The effects of environmental factors on components and attributes of a Mediterranean grassland.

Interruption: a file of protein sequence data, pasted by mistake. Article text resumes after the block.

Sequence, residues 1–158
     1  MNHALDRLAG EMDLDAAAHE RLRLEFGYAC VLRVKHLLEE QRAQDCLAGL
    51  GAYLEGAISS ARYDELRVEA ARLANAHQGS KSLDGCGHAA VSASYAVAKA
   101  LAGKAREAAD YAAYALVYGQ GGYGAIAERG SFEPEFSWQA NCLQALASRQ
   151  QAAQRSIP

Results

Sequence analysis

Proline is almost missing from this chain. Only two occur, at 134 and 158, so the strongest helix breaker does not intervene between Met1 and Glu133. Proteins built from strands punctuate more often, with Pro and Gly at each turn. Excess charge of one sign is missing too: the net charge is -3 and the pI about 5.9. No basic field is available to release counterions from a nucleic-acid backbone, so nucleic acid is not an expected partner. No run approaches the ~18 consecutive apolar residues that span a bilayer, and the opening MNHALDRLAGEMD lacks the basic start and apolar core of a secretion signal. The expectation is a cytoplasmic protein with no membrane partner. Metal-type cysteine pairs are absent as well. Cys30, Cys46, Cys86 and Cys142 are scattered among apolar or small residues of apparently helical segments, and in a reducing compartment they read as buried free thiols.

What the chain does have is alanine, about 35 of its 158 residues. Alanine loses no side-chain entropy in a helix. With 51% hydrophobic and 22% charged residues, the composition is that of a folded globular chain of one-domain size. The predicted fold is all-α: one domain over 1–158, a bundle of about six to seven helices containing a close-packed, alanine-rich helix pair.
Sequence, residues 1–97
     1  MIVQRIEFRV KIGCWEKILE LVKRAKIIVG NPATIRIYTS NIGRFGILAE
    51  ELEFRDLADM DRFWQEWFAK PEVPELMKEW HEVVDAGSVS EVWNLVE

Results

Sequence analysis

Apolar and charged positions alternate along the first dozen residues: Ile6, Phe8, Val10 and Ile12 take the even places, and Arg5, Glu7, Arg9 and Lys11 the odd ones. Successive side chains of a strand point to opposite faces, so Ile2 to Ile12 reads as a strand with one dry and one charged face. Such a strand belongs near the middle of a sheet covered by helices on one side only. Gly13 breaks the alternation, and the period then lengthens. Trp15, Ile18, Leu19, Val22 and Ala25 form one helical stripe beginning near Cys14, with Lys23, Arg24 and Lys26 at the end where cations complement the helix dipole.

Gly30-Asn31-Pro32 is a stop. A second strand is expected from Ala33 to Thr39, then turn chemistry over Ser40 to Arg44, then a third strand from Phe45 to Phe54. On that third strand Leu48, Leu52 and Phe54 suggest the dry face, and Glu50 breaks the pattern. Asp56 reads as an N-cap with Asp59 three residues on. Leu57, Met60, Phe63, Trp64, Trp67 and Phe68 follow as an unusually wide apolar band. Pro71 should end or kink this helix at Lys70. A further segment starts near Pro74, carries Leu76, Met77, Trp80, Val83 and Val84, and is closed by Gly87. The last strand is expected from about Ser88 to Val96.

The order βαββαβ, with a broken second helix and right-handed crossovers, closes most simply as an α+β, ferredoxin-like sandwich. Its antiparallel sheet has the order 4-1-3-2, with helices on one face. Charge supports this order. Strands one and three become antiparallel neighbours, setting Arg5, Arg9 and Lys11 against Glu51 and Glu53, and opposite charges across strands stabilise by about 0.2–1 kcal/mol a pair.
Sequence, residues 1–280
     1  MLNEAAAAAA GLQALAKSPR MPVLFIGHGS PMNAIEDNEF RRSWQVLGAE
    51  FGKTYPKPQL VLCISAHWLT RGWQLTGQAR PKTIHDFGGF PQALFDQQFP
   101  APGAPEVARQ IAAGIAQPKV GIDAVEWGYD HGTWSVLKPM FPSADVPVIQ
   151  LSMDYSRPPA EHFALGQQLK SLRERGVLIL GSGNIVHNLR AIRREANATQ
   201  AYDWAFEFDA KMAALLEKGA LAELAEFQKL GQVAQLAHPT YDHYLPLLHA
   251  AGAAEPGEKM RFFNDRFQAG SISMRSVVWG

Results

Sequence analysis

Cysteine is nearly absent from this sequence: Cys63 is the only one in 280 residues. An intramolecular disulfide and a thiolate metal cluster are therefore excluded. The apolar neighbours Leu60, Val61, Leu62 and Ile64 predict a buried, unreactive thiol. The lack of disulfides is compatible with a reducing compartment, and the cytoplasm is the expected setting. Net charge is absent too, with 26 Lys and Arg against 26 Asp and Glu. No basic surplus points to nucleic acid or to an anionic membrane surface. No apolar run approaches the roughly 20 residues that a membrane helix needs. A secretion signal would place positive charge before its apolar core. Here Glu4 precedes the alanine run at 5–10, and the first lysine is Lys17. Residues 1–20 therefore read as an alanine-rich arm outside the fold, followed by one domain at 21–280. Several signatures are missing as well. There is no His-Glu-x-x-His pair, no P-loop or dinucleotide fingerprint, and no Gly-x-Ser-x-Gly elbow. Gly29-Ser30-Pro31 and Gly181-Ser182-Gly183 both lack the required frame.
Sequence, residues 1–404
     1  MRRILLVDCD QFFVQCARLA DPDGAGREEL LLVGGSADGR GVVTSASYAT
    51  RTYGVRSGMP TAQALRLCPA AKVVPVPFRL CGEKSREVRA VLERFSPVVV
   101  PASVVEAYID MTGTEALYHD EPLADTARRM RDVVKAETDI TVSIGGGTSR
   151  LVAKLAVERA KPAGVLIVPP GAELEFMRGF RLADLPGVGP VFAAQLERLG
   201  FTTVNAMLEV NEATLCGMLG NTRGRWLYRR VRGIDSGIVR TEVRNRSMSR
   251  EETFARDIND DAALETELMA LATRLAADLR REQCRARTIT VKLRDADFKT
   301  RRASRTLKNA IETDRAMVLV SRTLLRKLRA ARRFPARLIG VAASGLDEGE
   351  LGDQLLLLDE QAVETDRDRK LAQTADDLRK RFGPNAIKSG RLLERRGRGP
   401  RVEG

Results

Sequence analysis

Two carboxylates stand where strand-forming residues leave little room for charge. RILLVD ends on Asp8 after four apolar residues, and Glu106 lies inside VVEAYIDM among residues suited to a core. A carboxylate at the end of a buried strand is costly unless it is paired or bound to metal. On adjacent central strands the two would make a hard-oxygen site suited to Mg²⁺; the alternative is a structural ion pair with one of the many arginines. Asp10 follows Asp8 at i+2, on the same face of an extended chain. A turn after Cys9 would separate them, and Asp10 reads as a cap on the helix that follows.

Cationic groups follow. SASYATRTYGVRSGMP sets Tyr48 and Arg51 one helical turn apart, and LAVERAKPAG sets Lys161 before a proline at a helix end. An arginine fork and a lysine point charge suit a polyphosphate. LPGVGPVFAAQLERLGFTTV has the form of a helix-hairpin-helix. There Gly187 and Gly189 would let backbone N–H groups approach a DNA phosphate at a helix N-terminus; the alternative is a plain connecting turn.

The associations of six environmental factors with vegetative attributes on a species-rich Syrian grassland were investigated during 2 years with contrasting climatic conditions using an unreplicated factorial experiment. The six factors were (i) phosphate supply (nil or 25 kg P2O5 ha-1); (ii) grazing severity (0.8 or 1.7 sheep ha-1); (iii) pre-existing growth conditions as defined by initial biomass (low or high); (iv) pre-existing stone cover (low or high); (v) final stone cover, modified by the addition or removal of stone to 20% or 80% stone cover; and (vi) experimental protection or non-protection from grazing. 127 species were present, 56 of which were legumes, 21 grasses and 50 other species. The most common species were Trifolium campestre, T. tomentosum, T. stellatum and several species of Bromus and Avena. Overall, the frequency of only a minority of species was changed by environmental differences. Initial growth conditions (as measured by initial biomass) most affected subsequent performance, although the effect was less marked in the second year. Pre-existing stone cover also resulted in large differences in subsequent growth, greater stone cover reducing growth, probably because it was associated with shallow soil and low soil fertility. Experimental addition of stones increased biomass, probably because the stones protected the vegetation from grazing. Individual species differed in their response to both pre-existing and added stone cover, the most frequent species being the most affected. High stocking rate reduced the biomass of most species, and application of P2O5 increased it. Protection from grazing increased plant cover but individual species differed in their response. An abundance of stones was not necessarily harmful, and some species were favoured by their presence. It is concluded that Mediterranean grasslands are less fragile than they appear since they have mechanisms that buffer them from environmental change. These mechanisms include the presence of a long-lived seed bank and certain adaptations such as the production of abundant small seeds and early flowering, but continued overgrazing clearly results in degradation.